Spoiler alert, Paul doesn’t make it, and the chapter from his wife that documented how short the book was because of how ill Paul got and how fast he deteriorated, resulting in his death holding his child, I shed a tear (or one hundred). An emotional and touching book, published posthumously and a great tribute to Paul’s memory.

REVIEW – The Night Manager by John Le CarrĂ©

I recently rewatched the BBC adaptation of Le CarrĂ©’s ‘The Night Manager’ – and not just for the glorious display of mostly naked Tom Hiddleston and Hugh Laurie playing a blinder once more. It got me thinking that I should read the book and make my usual judgemental comparisons – I’m a snob who always prefers the books to the series. And The Night Manager was another example of that.

I mean I had stuck in my head what the characters of Roper, Jed and Jonathan should be like from the TV series, and it always annoys me when I get to things in that order. I like to have a concept of the characters in book form before they explode onto my screen. Anyway, I digress.

The Night Manager follows hotelier Jonathan Pine as he becomes embroiled in the criminal world and dodgy dealings of Richard Onslow Roper. You name it, Roper is involved in it – biological and chemical weapons, your standard tanks, bombs and blowing stuff up fare, fraud, tax evasion, murder and a whole lot of drugs to sweeten the bargain. Jonathan essentially finds his way into the British Secret Services’ attempts to bring Roper down after he experiences tragedy at the hands of the operation. What follows is a twisted intrigue and what looks to be a standard double agent story.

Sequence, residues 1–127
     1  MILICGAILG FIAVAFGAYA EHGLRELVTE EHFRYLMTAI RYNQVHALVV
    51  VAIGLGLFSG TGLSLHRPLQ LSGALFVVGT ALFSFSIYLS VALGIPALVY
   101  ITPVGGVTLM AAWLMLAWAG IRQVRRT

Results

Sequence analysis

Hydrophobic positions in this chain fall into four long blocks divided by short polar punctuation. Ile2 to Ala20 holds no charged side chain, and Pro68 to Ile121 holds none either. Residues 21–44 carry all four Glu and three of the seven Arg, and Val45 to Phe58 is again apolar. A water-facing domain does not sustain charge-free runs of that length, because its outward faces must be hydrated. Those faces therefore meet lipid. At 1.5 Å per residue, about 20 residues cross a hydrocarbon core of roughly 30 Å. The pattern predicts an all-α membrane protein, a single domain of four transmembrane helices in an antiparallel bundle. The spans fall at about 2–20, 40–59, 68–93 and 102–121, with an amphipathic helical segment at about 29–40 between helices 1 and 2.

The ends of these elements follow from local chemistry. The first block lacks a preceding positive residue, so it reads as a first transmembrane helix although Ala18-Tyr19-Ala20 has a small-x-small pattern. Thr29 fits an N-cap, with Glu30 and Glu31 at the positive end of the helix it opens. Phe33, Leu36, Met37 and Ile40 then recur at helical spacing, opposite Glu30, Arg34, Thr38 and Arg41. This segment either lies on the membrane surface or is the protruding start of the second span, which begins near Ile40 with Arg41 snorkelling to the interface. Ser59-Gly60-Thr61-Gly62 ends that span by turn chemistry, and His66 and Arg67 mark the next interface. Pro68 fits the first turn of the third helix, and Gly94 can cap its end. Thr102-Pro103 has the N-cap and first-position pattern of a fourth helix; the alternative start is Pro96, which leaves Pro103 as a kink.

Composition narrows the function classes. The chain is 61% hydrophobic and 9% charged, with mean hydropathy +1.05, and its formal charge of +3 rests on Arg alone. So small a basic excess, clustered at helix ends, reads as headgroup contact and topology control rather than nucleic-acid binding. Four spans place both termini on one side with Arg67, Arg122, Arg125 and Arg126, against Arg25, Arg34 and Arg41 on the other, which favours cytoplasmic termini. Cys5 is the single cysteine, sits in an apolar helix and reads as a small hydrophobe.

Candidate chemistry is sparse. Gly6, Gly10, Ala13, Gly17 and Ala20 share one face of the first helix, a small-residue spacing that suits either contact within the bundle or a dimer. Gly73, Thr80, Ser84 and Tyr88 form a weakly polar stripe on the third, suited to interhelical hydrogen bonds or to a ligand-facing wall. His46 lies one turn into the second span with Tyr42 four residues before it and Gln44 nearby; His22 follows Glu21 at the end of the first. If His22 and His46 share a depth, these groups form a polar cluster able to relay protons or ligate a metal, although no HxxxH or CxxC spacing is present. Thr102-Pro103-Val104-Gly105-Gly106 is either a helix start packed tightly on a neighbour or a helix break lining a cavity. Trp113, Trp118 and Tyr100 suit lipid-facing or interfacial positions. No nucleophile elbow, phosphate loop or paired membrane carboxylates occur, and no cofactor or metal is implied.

But it is so much more than that. Yes there is that familiar trope that comes with ‘spy’ stories but there were subtleties in this novel that for me the TV show simply couldn’t live up to. My only complaint about the book is the lack of a strong female lead – Jed is simply a poor, weak-willed helpless female always dependent on a man, Caro Langbourne is a pathetic spouting mess – womanhood can do so much better than what’s represented here. I now understand why they turned Leonard Burr from the books into Angela Burr for the BBC adaptation – it really was needed to even the score and desexist the plot a little bit of boys, their toys and beating each other up whilst screwing women and earning copious amounts of money.

Overall a fantastic read full of intrigue and slowly building into a crescendo.